Sales went through the roof as we dismantled what we sacrificed so much to grow.
It's like watching a healthy person get murdered--this idea of retiring from a business that is financially successful and well-loved, yet no longer conducive to family goals.
The decision was unconventional. Strange. Stupid even. People didn't get it, until they heard stories of the long hours and sacrifice, the current stress and compared it with our dream of connecting as a family and balancing all that we wanted to accomplish.
About two months from D-Day, he told me “I'd never be selling the store if it were just me. I made this business. I would happily stay in Seattle and continue for a long time. I love that place.”
I didn't know what to say.
Fear took the driver’s seat at that moment and my mind went right to the worst thing that could happen. The store closing was going to cause us to hate each other and that would lead to our breakup. I heard anger in his tone and wondered if he’d hate me forever.
That’s when I made The Big Mistake.
I told him (insisted, even) that we had to go to marriage counseling.
It did not go well.
And I learned I had a choice: I could continue to push him toward “doing something”, while making myself and him miserable, or I could work on me.
I turned inward.
I turned author Byron Katie's "The Work" on my anger and sadness toward him. Instead of continuing with thoughts like “He should want what I want”, I used her turn arounds to meditate on other thoughts that could be equally true, like “I should want what he wants” and “I should want what I want.”
Katie is a master at questioning her thoughts. (Visit www.thework.com to see what I mean). She likes to ask, "Why are you pretending you don't love me?" when she finds herself in a situation where another person is unkind.
What if that were my perspective? To assume everyone loves me, they just may not know it yet. Or even if they know they love me, they may not know how to show me in that moment.
What a difference that shift in perspective made.
A funny thing happened along the way.
I defined a new essential way of being for myself and named it the UnPush.
I learned that the opposite of pushing isn’t pulling. Pulling is still a forcing energy. The opposite of pushing is UnPushing, the very act of detaching from what my ego wants. UnPushing allows the other person to feel an energetic letting go, a freedom. My detached energy magnetically opens up the possibilities in a situation and the other person can feel the shift.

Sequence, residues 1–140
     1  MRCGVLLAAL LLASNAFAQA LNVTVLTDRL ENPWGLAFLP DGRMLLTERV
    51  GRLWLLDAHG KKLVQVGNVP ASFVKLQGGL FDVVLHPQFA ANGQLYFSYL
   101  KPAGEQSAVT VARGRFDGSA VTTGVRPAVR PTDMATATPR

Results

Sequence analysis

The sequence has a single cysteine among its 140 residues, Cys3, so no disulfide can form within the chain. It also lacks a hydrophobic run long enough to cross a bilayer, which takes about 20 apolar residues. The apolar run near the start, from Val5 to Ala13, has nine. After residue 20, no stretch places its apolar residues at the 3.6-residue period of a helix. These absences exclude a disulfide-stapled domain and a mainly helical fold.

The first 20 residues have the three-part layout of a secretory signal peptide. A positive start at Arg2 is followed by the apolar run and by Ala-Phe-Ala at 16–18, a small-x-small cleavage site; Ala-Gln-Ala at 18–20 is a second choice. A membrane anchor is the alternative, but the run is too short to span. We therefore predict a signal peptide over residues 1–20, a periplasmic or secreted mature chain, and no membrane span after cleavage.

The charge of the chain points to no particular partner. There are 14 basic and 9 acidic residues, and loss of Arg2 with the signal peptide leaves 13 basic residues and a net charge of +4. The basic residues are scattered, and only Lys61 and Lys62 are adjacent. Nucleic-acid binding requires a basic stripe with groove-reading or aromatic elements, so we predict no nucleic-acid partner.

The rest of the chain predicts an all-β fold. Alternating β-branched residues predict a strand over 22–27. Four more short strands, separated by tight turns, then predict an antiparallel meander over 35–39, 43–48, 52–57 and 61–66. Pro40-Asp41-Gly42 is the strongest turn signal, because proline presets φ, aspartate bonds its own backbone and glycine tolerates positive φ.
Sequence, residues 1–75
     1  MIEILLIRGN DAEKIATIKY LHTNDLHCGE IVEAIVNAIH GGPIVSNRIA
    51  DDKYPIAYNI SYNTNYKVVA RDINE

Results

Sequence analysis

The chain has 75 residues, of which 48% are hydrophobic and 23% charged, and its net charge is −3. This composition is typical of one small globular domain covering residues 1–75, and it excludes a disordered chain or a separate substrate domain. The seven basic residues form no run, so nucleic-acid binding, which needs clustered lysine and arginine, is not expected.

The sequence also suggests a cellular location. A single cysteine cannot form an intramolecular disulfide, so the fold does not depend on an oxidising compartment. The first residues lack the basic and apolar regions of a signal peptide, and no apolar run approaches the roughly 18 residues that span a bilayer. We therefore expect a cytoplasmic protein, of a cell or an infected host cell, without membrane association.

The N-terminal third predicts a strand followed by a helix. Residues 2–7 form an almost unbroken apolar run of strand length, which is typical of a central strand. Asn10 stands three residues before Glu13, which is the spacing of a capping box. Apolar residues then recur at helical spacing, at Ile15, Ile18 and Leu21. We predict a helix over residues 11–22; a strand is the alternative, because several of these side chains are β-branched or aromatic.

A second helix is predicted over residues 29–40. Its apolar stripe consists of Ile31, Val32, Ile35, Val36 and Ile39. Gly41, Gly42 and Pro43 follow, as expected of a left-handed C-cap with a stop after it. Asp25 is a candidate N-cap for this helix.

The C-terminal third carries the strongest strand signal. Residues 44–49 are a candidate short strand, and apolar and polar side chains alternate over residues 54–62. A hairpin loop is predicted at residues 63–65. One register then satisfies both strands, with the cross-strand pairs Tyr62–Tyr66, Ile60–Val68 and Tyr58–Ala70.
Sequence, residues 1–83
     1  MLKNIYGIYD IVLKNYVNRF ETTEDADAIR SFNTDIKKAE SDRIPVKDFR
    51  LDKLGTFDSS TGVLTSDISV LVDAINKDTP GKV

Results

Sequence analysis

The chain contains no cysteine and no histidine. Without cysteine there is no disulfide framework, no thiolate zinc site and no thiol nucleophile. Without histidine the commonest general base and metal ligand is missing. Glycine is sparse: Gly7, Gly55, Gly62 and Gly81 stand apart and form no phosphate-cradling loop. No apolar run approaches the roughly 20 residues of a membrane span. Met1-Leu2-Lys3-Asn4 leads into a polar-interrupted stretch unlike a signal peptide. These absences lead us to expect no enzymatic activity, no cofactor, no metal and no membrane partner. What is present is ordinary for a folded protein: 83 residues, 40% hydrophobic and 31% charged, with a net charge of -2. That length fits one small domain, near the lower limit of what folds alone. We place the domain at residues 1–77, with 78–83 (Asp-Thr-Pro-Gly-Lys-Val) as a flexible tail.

As I started UnPushing, I became more empathetic, less the victim. I realized he was acting like a scared wild horse. Fight or flight were the only options. He didn’t see any happy outcomes. He was grieving and there were stages of grief he had to go through and that was his work, not mine.
I learned we could be in different places emotionally and it doesn't have to mean doom.
Instead of "We're not talking", I reframed the same situation to be "We're working on new ways to communicate and we’re figuring out what that looks like."
Wow. I could breathe again. So much less fear and pain in that.
As my perspective shifted, I kept hearing the message, loud and clear: "Show up with love".
I'd heard that phrase for years from inspirational author Marci Moore, who has made “show up with love” her life’s work, and I understood it in my head. But my heart had never had to live it, never had to practice it, until now.
Show up with love.
That's all I can do.
Work on me.
Insisting we go to marriage counseling? Pointless.
Try to control him? Wish he'd say or do something different? Good luck!
Here was a real example of what I'd been studying in life coach school: I made myself miserable by attaching to beliefs that caused me pain. But believing those thoughts was totally optional! The only way to feel less pain was to form new thoughts that could feel just as “true” that felt lighter and more joyful. Bottom line: If a thought is causing ME pain, it’s my job to work on ME.
“Showing up with love” came to mean changing the look in my eye from steely, analytical, worried eyes to hopeful, loving eyes.
Keeping myself and my ego out of his business. Giving him space to be who he is in that moment. Listening without attaching to his thoughts or solving his problems. Recognizing he's scared and tired and the financial burden has been his for a long time.
And in case you’re wondering, showing up with love doesn't mean becoming a spineless doormat.